According to the National Institute on Mental Health's Web site, one in five Americans has a diagnosable mental illness such as ADHD, bipolar disease, depression and schizophrenia. The illness and issues that result have major implications for his or her family, friends, neighborhood and community.
About 10 percent of Americans over the age of 12 have a substance dependence or abuse problem, according to a 2006 study by the Substance Abuse and Mental Health Services Administration (1). Alcohol alone is linked to: a quarter of all emergency room admissions; a third of suicides; almost 45 percent of all traffic fatalities; and more than half of all homicides and incidents of domestic violence (2-3).
Access to mental health care services and substance abuse treatment makes a significant difference in the lives of those diagnosed with these ailments. The services help them develop healthier, happier lives, and allow them to find or maintain a job, enroll or return to school, and avoid criminal activity, thereby building stronger communities.
- Learning the facts about mental illness;
- Sharing this information, as appropriate, with your family, friends, neighbors and business colleagues;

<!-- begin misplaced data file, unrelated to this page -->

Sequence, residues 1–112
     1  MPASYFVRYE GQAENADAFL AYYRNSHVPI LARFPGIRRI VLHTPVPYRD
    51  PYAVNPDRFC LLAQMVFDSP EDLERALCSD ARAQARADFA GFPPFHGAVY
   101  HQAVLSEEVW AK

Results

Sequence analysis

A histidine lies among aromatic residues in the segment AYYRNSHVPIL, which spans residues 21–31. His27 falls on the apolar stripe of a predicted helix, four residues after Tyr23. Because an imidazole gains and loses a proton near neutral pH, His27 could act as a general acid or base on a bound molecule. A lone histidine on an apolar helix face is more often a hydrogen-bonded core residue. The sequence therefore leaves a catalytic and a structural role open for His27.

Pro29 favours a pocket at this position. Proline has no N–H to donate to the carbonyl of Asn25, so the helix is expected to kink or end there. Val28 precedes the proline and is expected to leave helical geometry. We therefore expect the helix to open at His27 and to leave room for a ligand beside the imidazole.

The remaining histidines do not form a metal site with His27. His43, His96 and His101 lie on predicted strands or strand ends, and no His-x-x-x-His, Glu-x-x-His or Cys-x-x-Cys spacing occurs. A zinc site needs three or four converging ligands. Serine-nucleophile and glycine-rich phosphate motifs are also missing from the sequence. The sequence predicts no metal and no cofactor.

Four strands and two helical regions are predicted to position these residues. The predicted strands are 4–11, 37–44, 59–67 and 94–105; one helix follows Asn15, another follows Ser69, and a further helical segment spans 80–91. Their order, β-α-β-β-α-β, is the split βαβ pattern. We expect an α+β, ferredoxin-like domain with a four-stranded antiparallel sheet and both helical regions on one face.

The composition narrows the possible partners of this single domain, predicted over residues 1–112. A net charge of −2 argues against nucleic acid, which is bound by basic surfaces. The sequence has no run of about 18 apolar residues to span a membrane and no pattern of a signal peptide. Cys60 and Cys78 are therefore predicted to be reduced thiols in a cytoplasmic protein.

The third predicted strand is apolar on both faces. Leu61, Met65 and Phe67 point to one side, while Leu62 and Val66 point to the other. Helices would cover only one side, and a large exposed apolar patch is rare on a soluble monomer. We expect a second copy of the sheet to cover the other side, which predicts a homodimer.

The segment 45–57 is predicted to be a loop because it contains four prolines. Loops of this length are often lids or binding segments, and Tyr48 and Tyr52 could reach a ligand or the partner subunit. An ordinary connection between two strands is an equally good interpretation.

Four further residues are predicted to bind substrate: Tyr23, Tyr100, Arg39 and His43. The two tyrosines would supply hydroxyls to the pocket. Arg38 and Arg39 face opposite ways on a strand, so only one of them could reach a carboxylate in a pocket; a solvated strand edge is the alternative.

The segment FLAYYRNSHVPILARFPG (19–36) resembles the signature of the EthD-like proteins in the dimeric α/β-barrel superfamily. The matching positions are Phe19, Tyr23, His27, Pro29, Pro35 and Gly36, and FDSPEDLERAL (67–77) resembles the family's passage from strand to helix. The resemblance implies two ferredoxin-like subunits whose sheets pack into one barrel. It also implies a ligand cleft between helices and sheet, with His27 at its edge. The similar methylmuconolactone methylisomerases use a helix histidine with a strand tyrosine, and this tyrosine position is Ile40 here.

- Contacting your local, state and national representatives to advocate for adequate and appropriate funding;
- Contacting the media to increase the understanding and awareness of mental illness in our community;
- Keeping in touch by subscribing to our e-newsletter.
- Substance Abuse and Mental Health Services Administration. Results from the 2006 National Survey on Drug Use and Health: National Findings. Office of Applied Studies, DHHS Publication No. SMA 07-4293. Rockville, MD, 2007.
- National Highway Traffic Safety Administration. 2006 Traffic Safety Annual Assessment-Alcohol Related Fatalities. Traffic Safety Facts, August 2007.
- Sobering Facts on the Dangers of Alcohol. NY Newsday, April 24, 2002.